Solving Problems and Teaching Self-Control
The difference between an adult dog and an adolescent puppy is self control. Adolescents of any species act on impulse and often choose whatever result will bring them instant pleasure. Adolescent dogs are impulsive and impatient and as their trainers we must set limits on their behavior if we are to live with them sanely.
Setting limits requires us to create consequences for their behavior . Consequences both good and bad teach a dog how their behavior effects their world. The most important thing for us to remember is what the dog finds reinforcing may not at all be anything we find reinforcing. A dog that jumps for instance may find it rewarding that the human he's jumping on yells at him to stop and pushes him away. What the human thought would deter the dog actually encouraged him ! To the dog any attention is better than none and so the problem of jumping increases. A better response to jumping is to prevent the dog from practicing it in the first place (by putting your foot on the leash or sitting or bending over to greet the dog or simply walking away from him. After several failed attempts (the dog gets ignored for jumping) the dog will try a different approach. This is what you want to reward, sitting, standing quietly, lying down. If you greet your dog when he's calm he will begin to greet you calmly. What you reinforce is what you get !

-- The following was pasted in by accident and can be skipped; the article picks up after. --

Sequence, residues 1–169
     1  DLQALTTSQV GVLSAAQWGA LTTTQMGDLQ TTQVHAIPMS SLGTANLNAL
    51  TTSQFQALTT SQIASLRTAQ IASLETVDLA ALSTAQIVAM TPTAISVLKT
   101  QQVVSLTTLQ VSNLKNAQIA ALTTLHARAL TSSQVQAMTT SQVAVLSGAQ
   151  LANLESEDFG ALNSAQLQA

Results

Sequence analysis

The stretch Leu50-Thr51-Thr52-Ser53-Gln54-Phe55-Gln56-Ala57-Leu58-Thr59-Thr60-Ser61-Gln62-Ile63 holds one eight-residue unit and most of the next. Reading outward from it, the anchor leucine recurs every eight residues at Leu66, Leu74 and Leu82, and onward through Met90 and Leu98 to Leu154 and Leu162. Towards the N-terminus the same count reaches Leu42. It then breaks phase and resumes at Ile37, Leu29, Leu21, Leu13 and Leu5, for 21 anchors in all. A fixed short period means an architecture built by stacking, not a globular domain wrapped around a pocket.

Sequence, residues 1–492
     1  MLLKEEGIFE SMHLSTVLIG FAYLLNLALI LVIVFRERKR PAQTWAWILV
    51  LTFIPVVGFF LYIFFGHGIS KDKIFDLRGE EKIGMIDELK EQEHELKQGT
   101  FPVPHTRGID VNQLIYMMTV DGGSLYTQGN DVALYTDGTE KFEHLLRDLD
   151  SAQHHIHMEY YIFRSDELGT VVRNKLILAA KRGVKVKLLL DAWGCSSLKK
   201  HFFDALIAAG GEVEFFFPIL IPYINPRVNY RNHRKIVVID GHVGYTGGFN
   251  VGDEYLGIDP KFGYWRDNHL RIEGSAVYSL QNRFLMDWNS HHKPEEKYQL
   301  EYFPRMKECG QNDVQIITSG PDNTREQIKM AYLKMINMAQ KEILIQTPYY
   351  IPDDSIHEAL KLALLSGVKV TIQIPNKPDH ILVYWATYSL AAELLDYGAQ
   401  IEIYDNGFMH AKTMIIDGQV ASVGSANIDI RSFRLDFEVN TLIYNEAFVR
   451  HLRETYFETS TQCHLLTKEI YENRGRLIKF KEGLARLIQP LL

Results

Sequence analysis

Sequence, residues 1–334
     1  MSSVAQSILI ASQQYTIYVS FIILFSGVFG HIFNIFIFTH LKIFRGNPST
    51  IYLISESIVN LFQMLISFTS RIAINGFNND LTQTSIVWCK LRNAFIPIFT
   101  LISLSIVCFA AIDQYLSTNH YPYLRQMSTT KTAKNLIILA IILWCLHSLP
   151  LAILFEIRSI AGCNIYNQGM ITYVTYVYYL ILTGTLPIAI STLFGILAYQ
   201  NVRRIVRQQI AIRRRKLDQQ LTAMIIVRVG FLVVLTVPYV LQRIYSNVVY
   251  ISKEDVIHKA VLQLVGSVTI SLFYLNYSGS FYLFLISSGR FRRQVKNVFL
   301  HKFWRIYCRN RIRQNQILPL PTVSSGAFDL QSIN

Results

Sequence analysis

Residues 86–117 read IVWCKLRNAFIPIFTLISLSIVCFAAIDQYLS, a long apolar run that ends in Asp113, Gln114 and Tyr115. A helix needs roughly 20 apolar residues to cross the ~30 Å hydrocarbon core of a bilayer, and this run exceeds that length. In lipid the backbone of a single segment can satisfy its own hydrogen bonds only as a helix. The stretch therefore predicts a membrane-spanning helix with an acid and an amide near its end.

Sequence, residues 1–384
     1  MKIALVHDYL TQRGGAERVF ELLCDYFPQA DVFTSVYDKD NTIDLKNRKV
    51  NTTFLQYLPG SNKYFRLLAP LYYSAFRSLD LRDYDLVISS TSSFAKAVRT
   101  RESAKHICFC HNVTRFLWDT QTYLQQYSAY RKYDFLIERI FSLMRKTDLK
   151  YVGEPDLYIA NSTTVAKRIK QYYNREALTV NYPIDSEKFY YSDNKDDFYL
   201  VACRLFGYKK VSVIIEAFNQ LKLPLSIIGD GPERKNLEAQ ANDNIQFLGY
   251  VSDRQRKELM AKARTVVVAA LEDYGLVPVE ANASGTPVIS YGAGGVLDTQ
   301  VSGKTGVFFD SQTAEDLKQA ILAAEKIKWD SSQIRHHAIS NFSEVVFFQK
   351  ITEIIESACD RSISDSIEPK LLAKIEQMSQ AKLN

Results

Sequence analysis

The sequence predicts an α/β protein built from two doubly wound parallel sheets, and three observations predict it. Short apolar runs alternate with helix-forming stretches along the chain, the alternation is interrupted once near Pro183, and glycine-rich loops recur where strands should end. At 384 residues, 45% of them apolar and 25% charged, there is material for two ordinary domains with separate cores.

[an error occurred while processing this directive]